Some observations on the stolen seat
• Republicans must have felt under tremendous pressure, maybe even from Trump himself, to get something done. From ACA repeal to Trump's budget to Flynn, it's been one fiasco after another. They're desperate for a success, any success.
• Once the filibuster's gone, it's gone. From now on, whichever party holds 51 Senate seats, or 50 plus the Vice Presidency, can do whatever it wants with Supreme Court nominations. Why would that party ever vote to give up that power by reinstating the filibuster?
• For the 2018 election, the Senate is now of supreme importance. A net gain of three seats would give us the majority. It's a tall order since few Republicans are up for re-election -- but the President's party usually takes losses in a midterm, and this is the most incompetent and unpopular administration in living memory.
• If we do regain the majority, the power it brings must be used to the utmost. In my view, if there is another Supreme Court vacancy, our Senators should refuse to consider any nominee Trump (or more likely Pence, by then) sends them. Hold the seat for the next President as the Republicans did, even if that means a vacancy for two years. Never mind that they claimed they did that because it was an election year -- we and they both know that's a flagrant lie, and there's no need to pretend otherwise. It will be retaliation in kind, and well deserved. Our Senators should make it clear that there is only one exception -- the only case in which we would confirm would be if the "President" re-nominates Garland, the man who should have been on the Court all along. Otherwise, we wait.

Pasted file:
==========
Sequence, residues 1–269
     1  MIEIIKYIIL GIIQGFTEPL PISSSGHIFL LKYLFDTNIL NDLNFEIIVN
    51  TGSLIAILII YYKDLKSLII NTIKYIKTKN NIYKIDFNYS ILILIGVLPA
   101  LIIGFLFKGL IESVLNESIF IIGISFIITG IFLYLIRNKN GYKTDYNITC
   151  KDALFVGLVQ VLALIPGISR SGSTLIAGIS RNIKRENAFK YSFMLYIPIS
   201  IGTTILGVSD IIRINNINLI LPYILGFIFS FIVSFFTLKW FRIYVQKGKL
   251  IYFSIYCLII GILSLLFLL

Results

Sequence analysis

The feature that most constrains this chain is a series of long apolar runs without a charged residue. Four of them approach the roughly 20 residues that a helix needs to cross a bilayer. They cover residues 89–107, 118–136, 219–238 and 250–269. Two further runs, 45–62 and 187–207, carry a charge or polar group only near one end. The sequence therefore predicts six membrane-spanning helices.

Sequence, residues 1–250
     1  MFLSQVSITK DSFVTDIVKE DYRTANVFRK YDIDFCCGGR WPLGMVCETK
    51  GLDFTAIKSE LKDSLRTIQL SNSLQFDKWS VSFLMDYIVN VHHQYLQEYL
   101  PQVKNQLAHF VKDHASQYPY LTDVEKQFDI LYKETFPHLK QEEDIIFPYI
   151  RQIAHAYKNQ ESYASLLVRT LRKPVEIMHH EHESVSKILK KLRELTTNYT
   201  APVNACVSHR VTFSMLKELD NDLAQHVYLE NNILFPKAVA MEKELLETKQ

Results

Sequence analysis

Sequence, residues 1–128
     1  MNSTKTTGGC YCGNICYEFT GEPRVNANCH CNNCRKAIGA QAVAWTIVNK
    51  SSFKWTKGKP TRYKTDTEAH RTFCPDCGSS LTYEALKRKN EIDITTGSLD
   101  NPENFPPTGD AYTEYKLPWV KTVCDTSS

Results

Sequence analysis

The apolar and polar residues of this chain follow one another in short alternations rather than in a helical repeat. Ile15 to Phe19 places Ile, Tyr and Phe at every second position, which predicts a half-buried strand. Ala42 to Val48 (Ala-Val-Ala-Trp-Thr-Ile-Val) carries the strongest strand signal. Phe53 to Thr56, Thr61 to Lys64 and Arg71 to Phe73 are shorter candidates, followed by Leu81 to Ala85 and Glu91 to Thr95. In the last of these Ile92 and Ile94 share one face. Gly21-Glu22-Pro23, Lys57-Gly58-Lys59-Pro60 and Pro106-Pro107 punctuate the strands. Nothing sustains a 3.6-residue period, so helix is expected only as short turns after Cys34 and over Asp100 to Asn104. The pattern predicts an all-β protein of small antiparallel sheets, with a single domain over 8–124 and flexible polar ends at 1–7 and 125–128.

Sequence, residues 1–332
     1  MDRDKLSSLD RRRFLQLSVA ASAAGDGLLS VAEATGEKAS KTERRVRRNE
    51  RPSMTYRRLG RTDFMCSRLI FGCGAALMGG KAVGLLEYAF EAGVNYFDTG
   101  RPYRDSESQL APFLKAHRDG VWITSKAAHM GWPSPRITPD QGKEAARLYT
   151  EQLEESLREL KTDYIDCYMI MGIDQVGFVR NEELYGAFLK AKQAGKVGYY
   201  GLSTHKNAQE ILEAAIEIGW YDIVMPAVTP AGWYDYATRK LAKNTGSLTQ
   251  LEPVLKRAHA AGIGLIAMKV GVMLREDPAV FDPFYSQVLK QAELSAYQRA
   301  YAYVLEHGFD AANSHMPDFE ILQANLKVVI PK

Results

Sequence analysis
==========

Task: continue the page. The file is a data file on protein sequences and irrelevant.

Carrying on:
• Expecting our Senators to have that much backbone might seem unrealistic, but my sense is there are a lot of people pretty angry about today's development -- mostly because of the seat Gorsuch will take being stolen from Obama's nominee. That anger can be channeled into public pressure to stiffen our Senators' resolve. Pressure has worked, even on Republicans, on issues such as the ACA repeal and the Congressional Ethics Office. It can continue to work.
• Finally, what have the Republicans really gained? They've replaced Scalia with -- another Scalia, and one who's not even as extreme as the original on some issues. They've just restored the previous status quo, and not quite even that. The seat should have gone to Garland, a centrist, who compared to Scalia would have represented a real shift our way. But if we've gained nothing, neither has the enemy.